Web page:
Davis is starting to emerge as a prospect who could break through this year and at 24 years old, could be a long-term solution if he keeps improving. Though Davis had an April to forget, from May 1 on he has hit for a very solid .282 average, and in 18 July games, he has hit .316 and has an OPS of .813. Davis' constant work has paid off.
"You're trying to just consistently work on your swing and trying to find out what works for you," Davis told ITW. "Honestly, you can do that and all you want in the cage and feel good, but if you don't feel good in the game… that's one of the biggest things. [I am] comfortable in the game and seeing good pitches and I feel like I've been doing that ever since the first month has been over."
Blake's manager, Brad Komminsk, who describes Davis as a line drive and gap hitter, has also seen Davis adjust and improve in his first full season in the Eastern League.
"This is really only his second full year," Komminsk sad. "There's a big difference from college to [single-A] ball to double-A ball. It's a huge jump and it takes a little while. He's coming out of college, and even though it's a big college program, it's still a big jump and I think he's handled it well.
"He's one of those hitters who has to do all the aspects of the game. Bunting guys over, hit-and-run, moving guys over, and stuff like that. He's putting together a lot better at bats now and doing the things he's got to do."
Even with a slow disappointing April, Blake Davis has out-hit the Baltimore shortstops. Davis' .258 average is better than the .225 combined average of Baltimore shortstops. In addition to that, while Davis' OBP has crept up to .303, no Baltimore shortstop has had an OBP over .300. Blake has also hit more doubles, triples, and home runs than the combined Baltimore shortstops, and has scored more runs and driven in more RBI's than his Baltimore counterparts. All of this while batting primarily out of the ninth spot in the lineup, where shortstops have hit with the Orioles.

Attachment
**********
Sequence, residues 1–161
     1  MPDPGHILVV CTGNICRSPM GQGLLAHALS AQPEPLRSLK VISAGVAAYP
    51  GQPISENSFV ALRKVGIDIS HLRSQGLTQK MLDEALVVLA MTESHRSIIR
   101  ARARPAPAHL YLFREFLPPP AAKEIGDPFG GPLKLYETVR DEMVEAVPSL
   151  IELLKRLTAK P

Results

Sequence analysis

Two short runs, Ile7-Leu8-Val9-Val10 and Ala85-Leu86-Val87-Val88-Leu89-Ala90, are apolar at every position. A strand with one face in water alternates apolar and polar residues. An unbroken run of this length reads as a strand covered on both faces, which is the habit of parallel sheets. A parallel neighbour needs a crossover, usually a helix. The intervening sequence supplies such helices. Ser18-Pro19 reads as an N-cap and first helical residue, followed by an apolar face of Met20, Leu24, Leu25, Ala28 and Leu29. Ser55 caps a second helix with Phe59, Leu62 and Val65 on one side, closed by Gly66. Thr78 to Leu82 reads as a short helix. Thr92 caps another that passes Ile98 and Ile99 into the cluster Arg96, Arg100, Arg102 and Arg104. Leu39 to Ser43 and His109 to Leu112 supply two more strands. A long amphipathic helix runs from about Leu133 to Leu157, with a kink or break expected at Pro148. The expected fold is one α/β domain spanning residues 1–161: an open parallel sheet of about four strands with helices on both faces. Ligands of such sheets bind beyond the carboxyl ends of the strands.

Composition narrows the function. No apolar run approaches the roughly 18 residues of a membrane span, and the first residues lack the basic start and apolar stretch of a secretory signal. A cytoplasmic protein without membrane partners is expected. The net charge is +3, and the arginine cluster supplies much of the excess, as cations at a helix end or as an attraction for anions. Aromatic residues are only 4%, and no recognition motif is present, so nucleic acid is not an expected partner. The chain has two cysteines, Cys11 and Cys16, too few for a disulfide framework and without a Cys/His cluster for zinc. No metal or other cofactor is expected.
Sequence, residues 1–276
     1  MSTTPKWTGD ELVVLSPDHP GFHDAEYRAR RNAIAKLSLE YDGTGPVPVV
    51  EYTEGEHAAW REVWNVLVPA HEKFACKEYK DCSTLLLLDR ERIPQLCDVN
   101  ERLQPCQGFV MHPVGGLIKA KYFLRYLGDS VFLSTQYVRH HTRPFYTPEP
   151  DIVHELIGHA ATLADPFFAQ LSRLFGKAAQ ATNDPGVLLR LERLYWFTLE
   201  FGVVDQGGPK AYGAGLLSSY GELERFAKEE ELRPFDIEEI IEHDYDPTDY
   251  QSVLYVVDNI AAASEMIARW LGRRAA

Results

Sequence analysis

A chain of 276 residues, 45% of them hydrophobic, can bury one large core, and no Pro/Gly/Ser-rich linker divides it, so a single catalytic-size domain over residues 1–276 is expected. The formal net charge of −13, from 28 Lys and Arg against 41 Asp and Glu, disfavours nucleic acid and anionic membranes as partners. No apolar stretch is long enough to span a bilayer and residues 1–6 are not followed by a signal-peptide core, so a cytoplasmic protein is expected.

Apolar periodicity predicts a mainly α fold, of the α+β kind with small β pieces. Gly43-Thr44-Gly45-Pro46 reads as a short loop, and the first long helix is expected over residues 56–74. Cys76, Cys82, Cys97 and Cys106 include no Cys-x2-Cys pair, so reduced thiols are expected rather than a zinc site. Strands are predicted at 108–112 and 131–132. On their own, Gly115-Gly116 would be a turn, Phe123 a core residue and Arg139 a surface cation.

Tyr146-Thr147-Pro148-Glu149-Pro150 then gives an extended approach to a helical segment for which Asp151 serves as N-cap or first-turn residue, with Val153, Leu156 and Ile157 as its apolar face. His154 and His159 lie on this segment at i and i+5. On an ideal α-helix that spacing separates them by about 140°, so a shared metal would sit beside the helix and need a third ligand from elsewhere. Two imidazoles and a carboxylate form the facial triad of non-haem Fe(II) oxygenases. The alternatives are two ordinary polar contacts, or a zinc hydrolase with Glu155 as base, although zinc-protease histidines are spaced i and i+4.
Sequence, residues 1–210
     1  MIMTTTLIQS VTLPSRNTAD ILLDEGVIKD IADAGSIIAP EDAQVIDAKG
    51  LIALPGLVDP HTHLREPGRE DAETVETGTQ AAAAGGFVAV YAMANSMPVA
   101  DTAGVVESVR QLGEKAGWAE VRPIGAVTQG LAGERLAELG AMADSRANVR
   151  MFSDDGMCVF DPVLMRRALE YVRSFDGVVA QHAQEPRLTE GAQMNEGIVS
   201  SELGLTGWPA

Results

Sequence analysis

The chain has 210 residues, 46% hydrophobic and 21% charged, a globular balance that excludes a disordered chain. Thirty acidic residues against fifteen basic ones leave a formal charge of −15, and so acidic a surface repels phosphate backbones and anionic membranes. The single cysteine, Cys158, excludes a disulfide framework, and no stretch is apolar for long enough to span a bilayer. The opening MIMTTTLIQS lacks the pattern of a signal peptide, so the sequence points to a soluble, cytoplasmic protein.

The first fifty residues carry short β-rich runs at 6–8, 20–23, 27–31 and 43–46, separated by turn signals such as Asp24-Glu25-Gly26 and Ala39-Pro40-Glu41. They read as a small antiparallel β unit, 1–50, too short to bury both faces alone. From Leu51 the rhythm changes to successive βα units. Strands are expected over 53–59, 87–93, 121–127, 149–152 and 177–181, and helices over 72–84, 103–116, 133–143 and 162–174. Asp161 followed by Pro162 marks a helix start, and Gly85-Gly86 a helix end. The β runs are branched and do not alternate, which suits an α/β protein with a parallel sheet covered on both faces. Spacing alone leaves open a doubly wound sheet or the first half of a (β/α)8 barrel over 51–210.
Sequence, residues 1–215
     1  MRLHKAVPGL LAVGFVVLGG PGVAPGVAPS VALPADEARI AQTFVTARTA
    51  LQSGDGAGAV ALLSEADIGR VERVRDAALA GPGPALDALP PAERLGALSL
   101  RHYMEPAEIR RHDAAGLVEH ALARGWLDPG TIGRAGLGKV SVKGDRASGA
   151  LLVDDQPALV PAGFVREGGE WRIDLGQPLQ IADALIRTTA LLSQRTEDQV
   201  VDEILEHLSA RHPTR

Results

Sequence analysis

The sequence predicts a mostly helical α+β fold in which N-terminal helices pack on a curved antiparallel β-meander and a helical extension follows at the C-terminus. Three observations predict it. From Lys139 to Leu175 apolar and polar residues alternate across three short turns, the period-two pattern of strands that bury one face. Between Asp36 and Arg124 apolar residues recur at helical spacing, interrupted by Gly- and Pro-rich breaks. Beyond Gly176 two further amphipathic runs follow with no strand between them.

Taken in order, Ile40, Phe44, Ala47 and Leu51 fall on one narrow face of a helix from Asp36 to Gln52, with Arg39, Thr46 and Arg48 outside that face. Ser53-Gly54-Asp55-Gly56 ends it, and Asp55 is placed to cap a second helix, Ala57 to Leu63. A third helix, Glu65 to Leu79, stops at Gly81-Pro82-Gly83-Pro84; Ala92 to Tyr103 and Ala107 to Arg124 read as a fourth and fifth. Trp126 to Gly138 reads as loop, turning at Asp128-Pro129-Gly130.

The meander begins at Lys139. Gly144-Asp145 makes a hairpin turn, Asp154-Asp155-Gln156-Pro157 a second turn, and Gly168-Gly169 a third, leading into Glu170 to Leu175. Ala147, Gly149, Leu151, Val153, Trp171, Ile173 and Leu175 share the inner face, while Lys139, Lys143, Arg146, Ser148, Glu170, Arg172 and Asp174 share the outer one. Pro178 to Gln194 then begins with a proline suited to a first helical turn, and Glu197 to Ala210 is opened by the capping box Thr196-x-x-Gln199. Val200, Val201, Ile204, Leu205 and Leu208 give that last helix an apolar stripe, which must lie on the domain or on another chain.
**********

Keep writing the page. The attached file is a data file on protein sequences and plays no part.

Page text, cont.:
While it is not fair to compare offensive stats from double-A to the majors, the comparisons would be a lot more interesting if Davis' April were excluded.
One thing, however, that does translate across levels is defense. Davis has shown good range and a very strong arm. He sets himself up on throws to first and has shown the ability to make strong throws on the back end of double-plays. Blake has been solid manning a difficult position while trying to improve every day.
"Early on I wouldn't say struggling, but mechanically my feet were moving fast a little bit and now I've been working on that, which has been strengthening my throws a little bit," Davis explained. "I mean, you just have to show up everyday ready to work. Sometimes you don't want to put in the effort to do it because you're tired, but it's based on showing up everyday and doing it. But I'm working on it everyday and grinding it out is basically what you do."
Davis defense has been just as good as the defense in the Baltimore. The Orioles have played 97 games so far this year, and their shortstops have committed 17 errors while Davis has committed 17 errors in 94 games.
The revolving door at shortstop has been an issue this year in Baltimore, but has that been something that crossed Davis' mind?
"Yeah definitely, but I try to put it in the back," Davis responded. "I think that's what I was trying to do that first month. You know, trying to do too much offensively seeing all these guys roll through playing short up there."
Davis has settled in at short in Bowie and is looks a lot more comfortable at the plate. Joe Jordan, the Orioles' Director of Scouting, said Davis still has to become more consistent at the plate to reach the majors, like many everyone else at the double-A level. However, Jordan did give Davis some of the highest praise a player can get:
"[Davis] could play shortstop in the big leagues tonight, he can play shortstop."
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